Violence: None / Profanity: Minor / Sex/Nudity: Mild
See list of Relevant Issues—questions-and-answers.
Charles Ferguson, the founder of Representational Pictures and the director of Inside Job, is a filmmaker, writer, and political scientist. A native of San Francisco, California, Ferguson obtained a B.A. in mathematics from the University of California, Berkeley in 1978 and a Ph.D. in political science from M.I.T. in 1989. Following his Ph.D., Ferguson was a postdoctoral researcher at M.I.T. for three years, focusing on interactions between high technology, globalization, and government policy, and frequently consulting to U.S. government agencies including the White House staff, the Defense Department, and the U.S. Trade Representative. Then from 1992 to 1994 Ferguson was an independent consultant to high technology companies including Apple, Xerox, Motorola, Intel, and Texas Instruments. In 1994 Ferguson founded Vermeer Technologies, a software company which developed FrontPage, the first end-user Web site development tool, which he sold to Microsoft in 1996. Subsequently he spent several years as a Senior Fellow at the Brookings Institution and a visiting scholar at M.I.T. and U.C., Berkeley.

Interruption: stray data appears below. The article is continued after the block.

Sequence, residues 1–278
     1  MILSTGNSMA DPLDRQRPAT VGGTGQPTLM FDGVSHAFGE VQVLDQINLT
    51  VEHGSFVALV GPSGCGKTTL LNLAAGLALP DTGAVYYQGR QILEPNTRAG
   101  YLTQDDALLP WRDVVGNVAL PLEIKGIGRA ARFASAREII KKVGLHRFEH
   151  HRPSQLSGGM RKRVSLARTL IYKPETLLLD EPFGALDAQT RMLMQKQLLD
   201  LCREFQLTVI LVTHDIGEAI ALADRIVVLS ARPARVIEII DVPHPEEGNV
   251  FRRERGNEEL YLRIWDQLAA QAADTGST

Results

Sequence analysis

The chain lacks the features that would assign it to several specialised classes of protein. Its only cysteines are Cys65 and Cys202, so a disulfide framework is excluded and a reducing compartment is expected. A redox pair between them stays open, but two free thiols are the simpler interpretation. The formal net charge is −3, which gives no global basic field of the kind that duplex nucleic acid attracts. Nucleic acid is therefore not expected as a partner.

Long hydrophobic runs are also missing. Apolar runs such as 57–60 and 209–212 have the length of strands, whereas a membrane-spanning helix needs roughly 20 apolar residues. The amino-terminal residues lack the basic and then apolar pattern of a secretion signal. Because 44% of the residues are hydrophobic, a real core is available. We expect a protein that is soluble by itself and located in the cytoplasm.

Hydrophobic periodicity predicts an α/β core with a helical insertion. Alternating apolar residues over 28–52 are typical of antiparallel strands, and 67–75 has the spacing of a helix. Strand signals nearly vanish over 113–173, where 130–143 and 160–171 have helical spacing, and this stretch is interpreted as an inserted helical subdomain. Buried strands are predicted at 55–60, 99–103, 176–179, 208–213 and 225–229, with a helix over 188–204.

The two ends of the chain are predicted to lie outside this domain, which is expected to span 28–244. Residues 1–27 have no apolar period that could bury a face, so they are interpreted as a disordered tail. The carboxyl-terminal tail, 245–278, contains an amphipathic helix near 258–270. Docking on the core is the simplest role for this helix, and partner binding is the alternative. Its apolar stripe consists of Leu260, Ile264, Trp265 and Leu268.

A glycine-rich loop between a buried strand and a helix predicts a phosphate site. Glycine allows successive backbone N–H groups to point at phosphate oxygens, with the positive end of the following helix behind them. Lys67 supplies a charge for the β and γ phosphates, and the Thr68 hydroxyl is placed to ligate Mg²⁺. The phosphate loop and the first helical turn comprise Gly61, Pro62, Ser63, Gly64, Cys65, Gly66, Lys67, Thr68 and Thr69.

In mid-2005, Ferguson formed Representational Pictures and began production of his first film, “No End In Sight: The American Occupation of Iraq,” which premiered at the Sundance Festival in 2007. “No End In Sight” won the Special Jury Prize at Sundance, the Best Documentary prizes of the New York and Los Angeles Film Critics circles, and was nominated for an Academy Award for Best Documentary. Ferguson has authored several books including High Stakes, No Prisoners: A Winner’s Tale of Greed and Glory in the Internet Wars, and Computer Wars: The Post-IBM World (co-authored with Charles Morris).
Director’s statement—“This film attempts to provide a comprehensive portrayal of an extremely important and timely subject: the worst financial crisis since the Depression, which continues to haunt us via Europe’s debt problems and global financial instability. It was a completely avoidable crisis; indeed for 40 years after the reforms following the Great Depression, the United States did not have a single financial crisis. However, the progressive deregulation of the financial sector since the 1980s gave rise to an increasingly criminal industry, whose “innovations” have produced a succession of financial crises. Each crisis has been worse than the last; and yet, due to the industry’s increasing wealth and power, each crisis has seen few people go to prison. In the case of this crisis, nobody has gone to prison, despite fraud that caused trillions of dollars in losses. I hope that the film, in less than two hours, will enable everyone to understand the fundamental nature and causes of this problem. It is also my hope that, whatever political opinions individual viewers may have, that after seeing this film we can all agree on the importance of restoring honesty and stability to our financial system, and of holding accountable those to destroyed it.”